Netflix (NFLX) investors are still reeling after the tech-heavy Nasdaq Composite Index (^IXIC) posted its worst month since 2008. The stock – once a big winner from the pandemic – is down about 75% from its November peak, the market capitalization of $300 billion now sits south of $80 billion.
The streaming giant’s drop in subscribers in April has spurred speculation on Wall Street about its next big move, which could involve a lower-cost ad-supported option or even a crackdown on password sharing. In the meantime, it’s worth revisiting the history of the company that arguably bankrupted an entire movie rental industry.
Step back to 1997 when Reed Hastings and Marc Randolph founded Netflix. According to Britannica, Hastings came up with the idea for Netflix after racking up a hefty charge for a videotape he returned late. Unfortunately, streaming was not yet an option since internet users still faced painfully slow dial-up internet connections. The founders opted for a new Japanese technology that would soon supplant bulky VHS tapes: the digital video disc.
From DVD to online streaming
The same size as its compact disc cousin, the DVD drastically improved video quality and proved robust enough to survive the post office. It was the emailability of DVDs that made Hastings think Netflix would work in the first place, according to Britannica. The two were no strangers to Silicon Valley and, with seed capital in hand, they created the company that would change the media landscape in less than a decade.
Netflix quickly made inroads into the video rental space, capitalizing on the pain points of the video rental giants at the time. You didn’t have to “be nice and rewind,” and Netflix got rid of the other big problem with rental age: inflated due dates and late fees.
The video rental model as a service was born. For $15.95 a month, you could fire Blockbuster (BB), though the video store around the corner would still be around for years to come.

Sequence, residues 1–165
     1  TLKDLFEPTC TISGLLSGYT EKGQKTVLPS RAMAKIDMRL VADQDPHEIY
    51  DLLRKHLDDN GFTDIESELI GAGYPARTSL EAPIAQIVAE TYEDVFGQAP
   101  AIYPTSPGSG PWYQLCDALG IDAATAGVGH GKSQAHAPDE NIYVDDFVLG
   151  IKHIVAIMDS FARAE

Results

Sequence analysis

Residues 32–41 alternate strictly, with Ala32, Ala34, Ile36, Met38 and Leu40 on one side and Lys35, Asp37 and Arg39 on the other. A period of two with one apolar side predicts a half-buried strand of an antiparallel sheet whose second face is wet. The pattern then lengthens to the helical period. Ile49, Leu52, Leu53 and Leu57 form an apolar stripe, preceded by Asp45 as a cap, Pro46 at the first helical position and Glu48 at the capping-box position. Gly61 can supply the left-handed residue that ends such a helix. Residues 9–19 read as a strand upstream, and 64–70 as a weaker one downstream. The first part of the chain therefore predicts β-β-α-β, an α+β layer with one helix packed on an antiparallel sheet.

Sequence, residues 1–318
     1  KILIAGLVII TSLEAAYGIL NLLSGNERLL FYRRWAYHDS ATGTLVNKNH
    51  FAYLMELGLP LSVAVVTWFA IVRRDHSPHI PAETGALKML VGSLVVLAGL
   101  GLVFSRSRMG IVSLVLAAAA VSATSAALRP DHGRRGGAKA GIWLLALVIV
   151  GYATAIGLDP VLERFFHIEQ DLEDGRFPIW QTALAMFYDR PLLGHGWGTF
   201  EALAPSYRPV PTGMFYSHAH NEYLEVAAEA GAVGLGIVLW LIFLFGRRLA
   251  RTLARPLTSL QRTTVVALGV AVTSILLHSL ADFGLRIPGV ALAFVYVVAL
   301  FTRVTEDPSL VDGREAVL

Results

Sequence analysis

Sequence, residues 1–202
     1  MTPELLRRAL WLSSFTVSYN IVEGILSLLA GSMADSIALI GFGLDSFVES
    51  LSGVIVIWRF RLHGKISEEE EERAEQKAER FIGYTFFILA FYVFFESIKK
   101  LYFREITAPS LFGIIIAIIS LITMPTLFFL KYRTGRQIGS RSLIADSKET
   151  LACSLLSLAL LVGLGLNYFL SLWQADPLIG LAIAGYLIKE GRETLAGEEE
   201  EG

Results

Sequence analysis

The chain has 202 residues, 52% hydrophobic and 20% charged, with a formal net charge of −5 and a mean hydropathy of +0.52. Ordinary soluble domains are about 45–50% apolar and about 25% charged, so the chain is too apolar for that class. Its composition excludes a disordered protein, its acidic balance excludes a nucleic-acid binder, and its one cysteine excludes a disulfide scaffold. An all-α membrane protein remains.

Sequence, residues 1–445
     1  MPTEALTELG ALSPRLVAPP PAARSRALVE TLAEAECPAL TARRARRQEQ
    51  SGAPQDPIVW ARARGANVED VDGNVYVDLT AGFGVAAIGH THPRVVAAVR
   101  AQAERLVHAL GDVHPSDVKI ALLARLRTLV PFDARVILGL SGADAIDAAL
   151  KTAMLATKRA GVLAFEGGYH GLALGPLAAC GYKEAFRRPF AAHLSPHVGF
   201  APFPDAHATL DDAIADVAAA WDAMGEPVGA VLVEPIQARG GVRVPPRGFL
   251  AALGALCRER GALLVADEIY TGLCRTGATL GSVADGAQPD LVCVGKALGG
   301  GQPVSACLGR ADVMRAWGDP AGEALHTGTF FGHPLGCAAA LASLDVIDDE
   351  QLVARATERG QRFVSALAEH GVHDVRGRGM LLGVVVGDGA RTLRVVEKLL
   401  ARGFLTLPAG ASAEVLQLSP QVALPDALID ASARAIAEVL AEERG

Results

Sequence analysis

By the time the tech bubble imploded in 1999, the still-private company already had 239,000 subscribers with a library of 3,100 titles. Netflix hit one million subscribers in 2001 and went public the following year at $15 a share.
As dial-up internet gave way to broadband, the streaming model eventually became feasible. In 2007, Netflix launched its online streaming service, and five years later Hastings & Co. entered the content business with the political thriller “House of Cards” and “Lilyhammer,” the story of a New York mobster hiding in rural Norway.
A “Clear as Mud” Future Prospect
Netflix now spends $17 billion a year on content and expects a loss of 2 million subscribers in the current quarter. It’s back to the drawing board for shell-shocked Netflix investors who are also grappling with tech stocks that collectively lost $1.8 trillion in April. Not only is Netflix falling victim to the latest tech crash, but it’s also facing more competition than ever in its 23-year history. The streaming competition now includes Hulu, YouTube, Disney+, Apple TV, HBO Max, Peacock and Paramount, to name a few.
Meanwhile, networks like NBC and CBS have pulled their own content to grab attention on their streaming platforms. Shows like “The Office” and “Friends” left Netflix to return to NBC’s Peacock. Meanwhile, Marvel’s parent company Disney has picked up popular Marvel Netflix Originals like “Daredevil” and “Jessica Jones.”
Amid such headwinds, Piper Sandler downgraded Netflix to “neutral” last month and lowered its price target to $293 from $562, saying the company is unlikely to return to its earlier growth of subscribers. Weighing in on Netflix’s options, Piper Sandler analysts noted, “Password sharing and ad-supported levels look promising, but implementation is over two years away.”
Wells Fargo also finds no clarity in the results. “Negative [subscription] growth and investments to re-accelerate revenue are the nail in the NFLX narrative coffin,” the company wrote. Bank analysts added that Netflix’s outlook is now “clear as mud”.
The stock was trading at $173.10 as of Monday’s market close, down from a high of $700 per share in November 2021.
Jared Blikre is a markets reporter on Yahoo Finance Live. follow him @SPYJared. Devan Burris is a producer at Yahoo Finance Live.
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